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Tower for the Summer Heat

by Li Yu

Other authors: See the other authors section.

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482538,741 (3.38)None
Li Yu, considered a master of comedy in Chinese literature, was a novelist, playwright, and essayist in the 17th century. In this collection, patrick Hanan has translated six of the twelve stories in the Sh'ier lou collection, which is one of the most famous individual collections of vernacular stories from pre-modern China. With Hanan's introduction and notes, and containing Li Yu's emphasis marks, notes, and critiques, this volume should be of interest to students of Chinese literature and general readers alike.… (more)
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I’ll say first that these six stories from Li Yu are pretty innocuous; there are a few bawdy references, but they certainly pale in comparison to ‘The Carnal Prayer Mat’. The most interesting is the title story, and it’s noteworthy because the telescope (or ‘thousand-li glass’) had been so recently imported from the West, that the author needed to take time to explain it to his readers, along with the microscope (‘minute-revealing glass’) and others before continuing on with the story. Does the guy who comes across the telescope use it to gaze out into the heavens, and make scientific discoveries? No, he uses it to spy on women bathing, and to find things out with it that no one else could know in order to appear like an immortal, thereby getting the upper hand while courting one of them. Ah, the male mind, so simple and unchanged across the centuries.

It’s a common theme in the stories – using trickery to either con people, to advance in some way in life, or to marry a beautiful girl. The book does openly acknowledge homosexuality (referred to as ‘rear courtyard relationships’) in a non-judgmental way, which I found interesting. Overall, however, there is just not enough here to recommend the book – the character development is minimal, the plots are simple, and the real glimpses into what life was like in China in 1657 are fleeting.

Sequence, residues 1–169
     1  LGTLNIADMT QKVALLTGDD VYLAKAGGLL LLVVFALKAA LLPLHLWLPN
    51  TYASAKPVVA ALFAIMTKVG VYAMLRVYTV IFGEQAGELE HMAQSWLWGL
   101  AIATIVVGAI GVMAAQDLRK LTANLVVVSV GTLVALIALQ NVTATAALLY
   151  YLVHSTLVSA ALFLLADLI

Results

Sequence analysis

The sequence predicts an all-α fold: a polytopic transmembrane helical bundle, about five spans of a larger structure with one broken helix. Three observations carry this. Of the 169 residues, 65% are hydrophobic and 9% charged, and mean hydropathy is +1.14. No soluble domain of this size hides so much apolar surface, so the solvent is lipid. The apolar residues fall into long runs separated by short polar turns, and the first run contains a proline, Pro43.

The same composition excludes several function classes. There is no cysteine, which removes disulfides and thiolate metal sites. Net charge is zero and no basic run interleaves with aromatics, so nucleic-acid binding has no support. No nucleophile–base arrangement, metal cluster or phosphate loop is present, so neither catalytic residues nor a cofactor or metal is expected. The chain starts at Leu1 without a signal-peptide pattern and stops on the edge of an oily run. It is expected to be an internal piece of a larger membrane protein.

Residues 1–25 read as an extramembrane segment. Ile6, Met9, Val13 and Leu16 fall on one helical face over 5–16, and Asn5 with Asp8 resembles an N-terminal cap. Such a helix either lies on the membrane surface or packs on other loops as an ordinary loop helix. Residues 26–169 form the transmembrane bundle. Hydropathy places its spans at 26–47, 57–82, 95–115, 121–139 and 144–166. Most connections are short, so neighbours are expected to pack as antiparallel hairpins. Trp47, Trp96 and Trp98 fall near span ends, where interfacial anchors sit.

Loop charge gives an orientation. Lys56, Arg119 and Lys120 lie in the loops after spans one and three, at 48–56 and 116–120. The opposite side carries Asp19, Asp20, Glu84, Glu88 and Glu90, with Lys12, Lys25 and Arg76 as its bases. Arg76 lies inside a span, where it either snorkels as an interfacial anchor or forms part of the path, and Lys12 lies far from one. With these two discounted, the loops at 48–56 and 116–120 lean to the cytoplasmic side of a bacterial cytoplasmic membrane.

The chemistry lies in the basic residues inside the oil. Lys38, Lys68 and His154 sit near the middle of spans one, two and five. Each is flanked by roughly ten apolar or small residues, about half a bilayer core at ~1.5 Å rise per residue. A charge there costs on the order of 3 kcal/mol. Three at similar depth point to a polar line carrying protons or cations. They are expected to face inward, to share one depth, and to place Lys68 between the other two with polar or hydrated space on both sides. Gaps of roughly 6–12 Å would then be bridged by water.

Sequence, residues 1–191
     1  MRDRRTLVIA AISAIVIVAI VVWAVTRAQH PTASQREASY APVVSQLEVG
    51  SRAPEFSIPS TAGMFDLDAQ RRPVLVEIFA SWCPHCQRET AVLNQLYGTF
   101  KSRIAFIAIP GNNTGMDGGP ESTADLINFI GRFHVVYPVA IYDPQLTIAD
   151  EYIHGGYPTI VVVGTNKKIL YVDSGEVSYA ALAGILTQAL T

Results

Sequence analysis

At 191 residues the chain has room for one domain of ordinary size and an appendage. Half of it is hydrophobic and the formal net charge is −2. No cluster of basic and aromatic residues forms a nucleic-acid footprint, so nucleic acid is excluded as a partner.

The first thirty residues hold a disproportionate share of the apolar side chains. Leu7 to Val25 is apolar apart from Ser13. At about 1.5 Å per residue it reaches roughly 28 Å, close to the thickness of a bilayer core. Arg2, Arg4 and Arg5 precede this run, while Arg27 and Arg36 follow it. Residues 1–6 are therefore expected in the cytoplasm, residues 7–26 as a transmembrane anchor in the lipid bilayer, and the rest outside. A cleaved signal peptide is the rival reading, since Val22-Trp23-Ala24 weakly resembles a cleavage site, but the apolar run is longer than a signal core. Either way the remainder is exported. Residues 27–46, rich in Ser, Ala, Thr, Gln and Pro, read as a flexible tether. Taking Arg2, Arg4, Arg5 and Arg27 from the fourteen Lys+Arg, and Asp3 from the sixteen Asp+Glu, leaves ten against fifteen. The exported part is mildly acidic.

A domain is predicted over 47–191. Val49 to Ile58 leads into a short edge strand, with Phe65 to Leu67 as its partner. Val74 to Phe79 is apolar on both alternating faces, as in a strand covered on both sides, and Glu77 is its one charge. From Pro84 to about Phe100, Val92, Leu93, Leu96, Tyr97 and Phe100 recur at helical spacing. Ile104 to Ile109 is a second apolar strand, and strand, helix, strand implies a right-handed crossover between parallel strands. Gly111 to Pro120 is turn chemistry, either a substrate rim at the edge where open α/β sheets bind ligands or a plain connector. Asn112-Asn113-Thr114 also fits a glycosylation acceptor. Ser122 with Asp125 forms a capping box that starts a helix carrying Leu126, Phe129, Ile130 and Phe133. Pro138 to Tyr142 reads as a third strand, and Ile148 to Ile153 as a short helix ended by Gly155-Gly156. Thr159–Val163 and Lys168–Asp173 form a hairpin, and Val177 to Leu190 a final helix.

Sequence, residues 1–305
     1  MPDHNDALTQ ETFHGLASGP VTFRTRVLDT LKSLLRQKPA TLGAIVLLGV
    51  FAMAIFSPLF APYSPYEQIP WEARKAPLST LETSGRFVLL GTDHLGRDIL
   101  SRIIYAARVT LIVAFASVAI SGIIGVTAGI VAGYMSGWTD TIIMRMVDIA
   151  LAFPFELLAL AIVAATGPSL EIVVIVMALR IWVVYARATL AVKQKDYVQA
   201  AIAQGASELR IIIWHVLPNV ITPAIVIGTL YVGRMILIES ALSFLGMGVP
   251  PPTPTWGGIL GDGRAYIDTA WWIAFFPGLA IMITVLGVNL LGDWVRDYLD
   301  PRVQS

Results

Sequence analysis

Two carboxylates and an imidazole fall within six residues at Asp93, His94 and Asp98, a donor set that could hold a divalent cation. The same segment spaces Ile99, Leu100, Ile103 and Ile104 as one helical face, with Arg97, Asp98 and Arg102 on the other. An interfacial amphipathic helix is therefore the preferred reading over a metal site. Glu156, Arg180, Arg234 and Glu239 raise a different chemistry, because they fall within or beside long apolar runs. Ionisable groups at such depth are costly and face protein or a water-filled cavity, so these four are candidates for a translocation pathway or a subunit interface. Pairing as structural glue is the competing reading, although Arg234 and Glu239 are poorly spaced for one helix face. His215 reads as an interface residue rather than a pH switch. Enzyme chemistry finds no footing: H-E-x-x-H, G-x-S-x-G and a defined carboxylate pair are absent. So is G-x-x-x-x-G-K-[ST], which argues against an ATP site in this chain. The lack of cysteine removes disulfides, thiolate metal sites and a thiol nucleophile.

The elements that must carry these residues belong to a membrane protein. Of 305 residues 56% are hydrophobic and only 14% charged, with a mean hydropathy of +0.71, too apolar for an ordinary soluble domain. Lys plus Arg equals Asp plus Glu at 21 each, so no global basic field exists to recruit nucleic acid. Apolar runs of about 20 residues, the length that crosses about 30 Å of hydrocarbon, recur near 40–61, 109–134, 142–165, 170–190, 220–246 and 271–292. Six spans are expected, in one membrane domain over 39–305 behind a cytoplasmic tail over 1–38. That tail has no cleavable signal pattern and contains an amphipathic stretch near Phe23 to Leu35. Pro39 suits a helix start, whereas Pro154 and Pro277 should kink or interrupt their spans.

Quotes:
On religion:
“From this example, it is clear that where the mind is concentrated, objects of clay and wood can work miracles. The worship of gods and buddhas means worshipping our own minds; it does not mean that gods and bodhisattvas really exist.”

On the pain of parting from a lover:
“But this young man had never cared for success, only pleasure; he regarded his beautiful wife as the be-all and end-all of his existence and could not put her out of his mind. Besides, she had been incredibly solicitous in his marriage and anticipated his every desire. The endearments they exchanged on the pillow, their passion beneath the quilts – he had only to think of such things to feel his soul melt and almost expire.”

On sex:
“They realized that to attain bliss in lovemaking we cannot afford any sorrow in our hearts or tears in our eyes. The finest sex tonic in the world is composed of just two words - don’t worry - besides which all the nostrums peddled on the streets are nothing but a swindle.” ( )
1 vote gbill | Jun 17, 2016 |
These short stories are by Li Yu who was also a leading dramatist of the period. Most include bawdy humor. My favorite is the first, in which the hero persuades his intended wife's family he is a powerful magician by using knowledge gained by spying on her with a telescope. ( )
  antiquary | Nov 16, 2007 |
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Author nameRoleType of authorWork?Status
Li Yuprimary authorall editionscalculated
Hanan, PatrickTranslatorsecondary authorsome editionsconfirmed

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Li Yu, considered a master of comedy in Chinese literature, was a novelist, playwright, and essayist in the 17th century. In this collection, patrick Hanan has translated six of the twelve stories in the Sh'ier lou collection, which is one of the most famous individual collections of vernacular stories from pre-modern China. With Hanan's introduction and notes, and containing Li Yu's emphasis marks, notes, and critiques, this volume should be of interest to students of Chinese literature and general readers alike.

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